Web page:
Late 2016, MHCLG embarked on a project to completely overhaul the P1E homelessness statistics collection. The new data collection is being set up to receive household level rather than aggregated local authority level data. It will cover a broader range of households, including all those who receive homelessness assistance from their local authority rather than, as now, focusing primarily on those that authorities are currently legally obliged to help under the statutory homeless definition. The design of the new data collection has been shaped by the Homelessness Reduction Act and will collect data to enable the effects of the Act to be monitored.
DCLG’s new online data collection system, DELTA, will accept H-CLIC case-level data via XML upload. An online version of H-CLIC will also be available for data entry and validation to those who require this. Further information about the DELTA system can be found here. There will be opportunities to participate in a pilot of the system before we go-live from April 2018.
Evaluation of the Rough Sleeping Initiative
The Rough Sleeping Initiative (RSI) was launched in March 2018 and is targeted at local authorities with high numbers of people sleeping rough, based on last year’s rough sleeping counts and estimates. This initiative is part of the government’s ongoing Rough Sleeping Strategy which sets outs the vision for halving rough sleeping by 2022 and ending it by 2027.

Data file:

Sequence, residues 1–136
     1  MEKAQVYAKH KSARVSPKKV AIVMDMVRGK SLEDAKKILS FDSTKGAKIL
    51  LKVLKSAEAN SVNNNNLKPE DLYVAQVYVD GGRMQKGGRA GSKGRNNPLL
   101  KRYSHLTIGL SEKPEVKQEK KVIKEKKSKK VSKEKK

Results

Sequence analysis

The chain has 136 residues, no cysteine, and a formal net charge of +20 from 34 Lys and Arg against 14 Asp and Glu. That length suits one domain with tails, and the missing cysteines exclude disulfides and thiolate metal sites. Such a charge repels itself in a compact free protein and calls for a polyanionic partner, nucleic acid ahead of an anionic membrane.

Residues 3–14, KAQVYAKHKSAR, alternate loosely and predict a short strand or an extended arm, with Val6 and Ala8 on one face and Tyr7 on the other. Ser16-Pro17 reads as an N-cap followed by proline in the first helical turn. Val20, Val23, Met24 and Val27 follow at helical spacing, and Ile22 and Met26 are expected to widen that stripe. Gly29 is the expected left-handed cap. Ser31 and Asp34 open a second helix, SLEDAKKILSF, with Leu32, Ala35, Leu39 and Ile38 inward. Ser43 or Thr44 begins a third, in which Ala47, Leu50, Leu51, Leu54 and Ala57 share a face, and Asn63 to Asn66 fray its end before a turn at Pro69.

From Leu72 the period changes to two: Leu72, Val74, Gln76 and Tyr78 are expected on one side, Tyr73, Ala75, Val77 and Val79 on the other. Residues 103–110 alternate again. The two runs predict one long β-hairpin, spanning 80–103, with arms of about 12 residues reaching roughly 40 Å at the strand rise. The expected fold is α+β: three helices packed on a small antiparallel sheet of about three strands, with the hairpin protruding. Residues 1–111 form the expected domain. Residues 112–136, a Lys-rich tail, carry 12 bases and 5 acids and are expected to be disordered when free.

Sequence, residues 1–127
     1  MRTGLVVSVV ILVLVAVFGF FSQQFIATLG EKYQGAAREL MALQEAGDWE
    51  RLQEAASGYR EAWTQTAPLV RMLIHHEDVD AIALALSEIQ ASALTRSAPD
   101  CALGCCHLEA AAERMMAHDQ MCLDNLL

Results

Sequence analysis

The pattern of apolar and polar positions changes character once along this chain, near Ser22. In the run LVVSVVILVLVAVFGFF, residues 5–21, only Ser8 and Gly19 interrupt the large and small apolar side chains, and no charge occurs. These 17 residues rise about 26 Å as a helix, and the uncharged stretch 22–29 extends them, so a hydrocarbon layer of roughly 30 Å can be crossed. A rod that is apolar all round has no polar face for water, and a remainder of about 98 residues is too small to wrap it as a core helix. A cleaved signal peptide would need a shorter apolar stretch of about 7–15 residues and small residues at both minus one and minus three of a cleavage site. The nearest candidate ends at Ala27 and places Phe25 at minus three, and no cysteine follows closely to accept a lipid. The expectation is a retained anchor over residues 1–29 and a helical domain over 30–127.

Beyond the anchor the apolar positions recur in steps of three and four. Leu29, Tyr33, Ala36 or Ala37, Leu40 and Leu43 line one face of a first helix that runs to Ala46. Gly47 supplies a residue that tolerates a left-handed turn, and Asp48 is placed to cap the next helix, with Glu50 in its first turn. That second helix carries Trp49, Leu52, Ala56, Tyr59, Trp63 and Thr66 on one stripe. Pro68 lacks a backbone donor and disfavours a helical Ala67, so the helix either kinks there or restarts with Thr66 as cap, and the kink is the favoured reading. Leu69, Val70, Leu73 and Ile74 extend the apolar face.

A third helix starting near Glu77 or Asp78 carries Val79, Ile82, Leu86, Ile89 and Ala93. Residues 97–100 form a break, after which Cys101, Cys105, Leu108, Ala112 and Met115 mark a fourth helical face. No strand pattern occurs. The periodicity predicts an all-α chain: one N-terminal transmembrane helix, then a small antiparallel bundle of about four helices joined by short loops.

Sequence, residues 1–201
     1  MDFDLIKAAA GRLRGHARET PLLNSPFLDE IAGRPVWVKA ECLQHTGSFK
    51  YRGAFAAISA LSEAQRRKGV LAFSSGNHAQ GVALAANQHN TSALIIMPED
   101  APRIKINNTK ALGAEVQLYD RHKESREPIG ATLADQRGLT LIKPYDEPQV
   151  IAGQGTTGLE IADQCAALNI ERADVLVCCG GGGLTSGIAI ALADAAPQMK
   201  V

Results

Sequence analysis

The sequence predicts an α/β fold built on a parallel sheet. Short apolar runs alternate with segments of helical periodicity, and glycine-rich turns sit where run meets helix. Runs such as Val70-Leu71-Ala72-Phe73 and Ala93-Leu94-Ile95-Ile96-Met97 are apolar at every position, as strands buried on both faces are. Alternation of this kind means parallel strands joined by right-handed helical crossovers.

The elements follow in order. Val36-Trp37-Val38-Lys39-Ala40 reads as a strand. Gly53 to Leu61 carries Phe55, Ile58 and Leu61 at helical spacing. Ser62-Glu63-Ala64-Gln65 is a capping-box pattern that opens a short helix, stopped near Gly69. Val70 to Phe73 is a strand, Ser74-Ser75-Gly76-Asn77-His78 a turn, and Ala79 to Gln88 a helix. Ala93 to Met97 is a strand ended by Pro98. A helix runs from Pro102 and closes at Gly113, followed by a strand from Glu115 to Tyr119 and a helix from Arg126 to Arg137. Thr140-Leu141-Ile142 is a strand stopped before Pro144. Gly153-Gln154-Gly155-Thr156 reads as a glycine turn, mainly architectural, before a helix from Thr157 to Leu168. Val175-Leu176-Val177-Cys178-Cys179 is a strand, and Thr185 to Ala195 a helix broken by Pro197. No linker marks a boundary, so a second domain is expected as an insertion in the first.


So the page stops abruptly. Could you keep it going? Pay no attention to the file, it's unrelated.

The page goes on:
We will be publishing an evaluation in the summer which will help us to better understand the impact of the initiative.
The evaluation is in two parts: an impact evaluation and a process evaluation. The impact evaluation, led by MHCLG analysts with independent peer review, will look at the impact of the range of activities in RSI areas on the overall numbers of people sleeping rough. This will include consideration of the impact of the change in choice of approach for assessing the extent of rough sleeping, as well as other factors such as the weather, levels of funding and, the types of activity within the areas who are part of the initiative. The process evaluation, carried out by Ipsos MORI will share learning about how the Rough Sleeping Initiative has worked, good practice and key challenges, including findings from a survey of initiative areas and case studies.
Latest rough sleeping statistics
The latest rough sleeping statistics were published on 31 January 2019. These provide information on the single night snapshot of rough sleeping for autumn 2018
These are official statistics and are compiled by MHCLG analysts. The snapshot is taken annually in England using street counts, evidence-based estimates, and estimates informed by spotlight street counts. These statistics were compiled in consultation with over hundreds of local partners and agencies, including outreach teams, the police, health workers, voluntary organisations, and faith groups.